Our latest issue features a special section on pangolin conservation. With camera-trap studies in Kenya, Uganda and Cameroon, and research analysing the trade of pangolins in Nepal and Cameroon, these articles are a vital contribution to efforts to conserve these endearing but highly threatened scaly mammals. In the lead article, Difouo et al. recorded a camera-trap image of the elusive black-bellied pangolin in Cameroon—possibly the first published in the peer-reviewed literature. In the editorial, Matthew Shirley et al. discuss how pangolins, in many ways, epitomize the complexities of conservation. In our Briefly section, we also shine a spotlight on pangolins, including the recent news of a potential ninth species, discovered through DNA sampling of scales seized in China.

The issue also includes a host of Conservation News items and book reviews! Find out more about this issue’s content, including our Editor’s picks, below.

A black-bellied pangolin Phataginus tetradactylaphotographed walking on a log in Deng Deng National Park, Cameroon

A black-bellied pangolin Phataginus tetradactyla photographed walking on a log in Deng Deng National Park, Cameroon (see Difouo et al.).

Pangolin conservation

  • Black-bellied pangolin Phataginus tetradactyla documented in Deng Deng National Park, Cameroon, using camera traps – Difouo et al.
  • Pangolin hunting and trafficking in the forest–savannah transition area of Cameroon – Simo et al.
  • Three spatially separate records confirm the presence of and provide a range extension for the giant pangolin Smutsia gigantea in Kenya – Sandri et al.
  • Targeting burrows improves detection in giant pangolin Smutsia gigantea camera-trap surveys – Matthews et al.
  • Pangolin seizures in Nepal indicate priority areas for conservation interventions – Suwal et al.
  • Illegal pangolin trade in Nepal: a response to Suwal et al. – A. Bashyal

 

Sunda pangolin. Photo: Bjorn Olesen.

Sunda pangolin. Photo: Bjorn Olesen.

Behind the cover

Pangolins are widely hunted for food and for their scales, and all species are categorized as threatened on the IUCN Red List. This section of five articles and the accompanying editorial look at a range of conservation issues and other matters related to pangolins. The cover features the arboreal and diurnal black-bellied pangolin of West and Central Africa, which is categorized as Vulnerable on the IUCN Red List. By targeting fallen trees and logs with camera traps, the authors of the lead article recorded the black-bellied pangolin opportunistically in Deng Deng National Park in Cameroon. Deploying camera traps that focus on features that are known to be visited by pangolins could be explored as a method for detecting this species. For further details, see pp. 681–682 and 701–735. (Photograph © Angiolo /Adobe Stock).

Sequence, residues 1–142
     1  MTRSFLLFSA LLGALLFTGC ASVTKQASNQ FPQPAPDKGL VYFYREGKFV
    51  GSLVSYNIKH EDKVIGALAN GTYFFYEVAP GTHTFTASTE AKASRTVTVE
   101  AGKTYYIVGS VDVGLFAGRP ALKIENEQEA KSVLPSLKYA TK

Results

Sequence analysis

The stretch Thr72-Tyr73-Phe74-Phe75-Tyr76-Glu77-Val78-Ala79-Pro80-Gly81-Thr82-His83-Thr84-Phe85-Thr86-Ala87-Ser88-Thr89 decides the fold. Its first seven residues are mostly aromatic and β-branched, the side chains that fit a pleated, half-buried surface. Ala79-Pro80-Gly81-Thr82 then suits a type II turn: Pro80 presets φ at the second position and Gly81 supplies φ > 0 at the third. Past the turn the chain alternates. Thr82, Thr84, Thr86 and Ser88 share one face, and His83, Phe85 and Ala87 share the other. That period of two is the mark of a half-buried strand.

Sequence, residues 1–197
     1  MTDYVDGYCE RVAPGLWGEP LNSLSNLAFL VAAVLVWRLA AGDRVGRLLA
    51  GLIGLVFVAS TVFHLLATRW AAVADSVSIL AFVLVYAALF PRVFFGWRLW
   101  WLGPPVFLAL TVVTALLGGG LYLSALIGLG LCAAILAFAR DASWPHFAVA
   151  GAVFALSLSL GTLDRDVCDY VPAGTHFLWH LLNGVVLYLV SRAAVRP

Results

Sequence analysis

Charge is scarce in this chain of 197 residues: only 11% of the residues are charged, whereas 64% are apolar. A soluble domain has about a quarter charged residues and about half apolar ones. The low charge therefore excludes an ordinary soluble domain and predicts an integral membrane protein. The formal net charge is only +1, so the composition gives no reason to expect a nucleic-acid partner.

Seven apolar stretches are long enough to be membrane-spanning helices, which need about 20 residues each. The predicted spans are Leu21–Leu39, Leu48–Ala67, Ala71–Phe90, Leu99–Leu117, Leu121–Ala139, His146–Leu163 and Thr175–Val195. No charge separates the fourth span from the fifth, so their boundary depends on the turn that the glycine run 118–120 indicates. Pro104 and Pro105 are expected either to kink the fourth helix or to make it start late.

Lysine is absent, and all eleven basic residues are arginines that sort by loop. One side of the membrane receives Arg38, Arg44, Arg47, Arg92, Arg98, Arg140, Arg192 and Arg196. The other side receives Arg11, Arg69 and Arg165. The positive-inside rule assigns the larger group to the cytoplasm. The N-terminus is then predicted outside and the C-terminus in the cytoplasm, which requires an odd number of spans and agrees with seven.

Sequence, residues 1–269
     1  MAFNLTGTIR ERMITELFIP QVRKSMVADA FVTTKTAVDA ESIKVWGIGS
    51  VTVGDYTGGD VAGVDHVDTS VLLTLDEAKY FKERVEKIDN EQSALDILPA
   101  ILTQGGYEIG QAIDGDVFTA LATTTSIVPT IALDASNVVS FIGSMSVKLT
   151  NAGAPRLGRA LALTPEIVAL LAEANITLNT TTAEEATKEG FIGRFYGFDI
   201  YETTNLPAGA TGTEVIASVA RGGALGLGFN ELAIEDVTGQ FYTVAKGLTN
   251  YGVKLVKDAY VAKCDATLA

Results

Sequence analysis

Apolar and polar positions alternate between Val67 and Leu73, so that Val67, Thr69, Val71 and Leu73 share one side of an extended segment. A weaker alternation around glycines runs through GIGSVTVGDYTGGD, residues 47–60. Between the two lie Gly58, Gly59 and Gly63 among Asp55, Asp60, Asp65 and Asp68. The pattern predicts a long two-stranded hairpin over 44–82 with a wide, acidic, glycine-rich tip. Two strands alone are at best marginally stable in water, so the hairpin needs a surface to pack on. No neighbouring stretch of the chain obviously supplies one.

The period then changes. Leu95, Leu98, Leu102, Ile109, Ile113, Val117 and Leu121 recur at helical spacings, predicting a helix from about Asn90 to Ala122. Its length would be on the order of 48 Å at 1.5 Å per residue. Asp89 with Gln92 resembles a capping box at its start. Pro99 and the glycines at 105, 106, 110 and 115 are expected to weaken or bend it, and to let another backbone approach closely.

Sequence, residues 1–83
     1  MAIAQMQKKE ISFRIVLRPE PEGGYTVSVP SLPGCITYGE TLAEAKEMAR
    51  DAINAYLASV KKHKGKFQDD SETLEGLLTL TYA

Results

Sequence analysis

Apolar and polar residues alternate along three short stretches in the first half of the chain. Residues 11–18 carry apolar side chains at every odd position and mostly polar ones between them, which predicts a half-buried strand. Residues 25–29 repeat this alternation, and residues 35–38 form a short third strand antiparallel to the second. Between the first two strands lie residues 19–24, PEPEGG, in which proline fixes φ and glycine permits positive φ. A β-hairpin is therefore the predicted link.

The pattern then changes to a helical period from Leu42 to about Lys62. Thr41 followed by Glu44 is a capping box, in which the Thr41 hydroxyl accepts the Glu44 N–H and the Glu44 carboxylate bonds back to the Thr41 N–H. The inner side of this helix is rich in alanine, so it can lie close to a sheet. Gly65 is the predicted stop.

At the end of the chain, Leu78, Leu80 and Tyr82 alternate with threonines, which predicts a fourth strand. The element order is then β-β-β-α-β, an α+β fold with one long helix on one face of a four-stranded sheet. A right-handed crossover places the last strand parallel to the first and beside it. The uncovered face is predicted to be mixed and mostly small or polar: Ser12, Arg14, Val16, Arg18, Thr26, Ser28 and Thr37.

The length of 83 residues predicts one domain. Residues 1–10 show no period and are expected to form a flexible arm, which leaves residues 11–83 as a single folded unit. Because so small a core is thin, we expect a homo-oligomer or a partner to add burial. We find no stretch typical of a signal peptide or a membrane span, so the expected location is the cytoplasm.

A black-bellied pangolin. Photo credit: Angiolo / Adobe Stock

A black-bellied pangolin. Photo credit: Angiolo / Adobe Stock

Editorial

Pangolins: epitomizing the complexities of conservation Shirley et al.

In the November editorial, Shirley et al. discuss how pangolins epitomize the complexities of conservation. Although conservation and public interest in pangolins has rocketed over the past decade, there are still major gaps in the knowledge of their biology, ecology, distribution and abundance. Through the growing community of engaged stakeholders there is now an opportunity to better devise and implement solutions to secure the future of these enigmatic species.

‘It is a critical time for us to move pangolins beyond their tagline as the ‘most trafficked wild mammals globally’ to instead become symbols of effective, evidence-informed conservation.’

White-bellied pangolin in its habitat. Photo: Ellie Stones.

White-bellied pangolin in its habitat. Photo: Ellie Stones.

Editor’s picks

  1. Pangolin hunting and trafficking in the forest–savannah transition area of Cameroon – Simo et al.
  2. Support for wildlife consumption bans and policies in China post-Covid-19 – Rizzolo et al.
  3. Satellite-monitored movements of the Amazon River dolphin and considerations for their conservation – Campbell et al.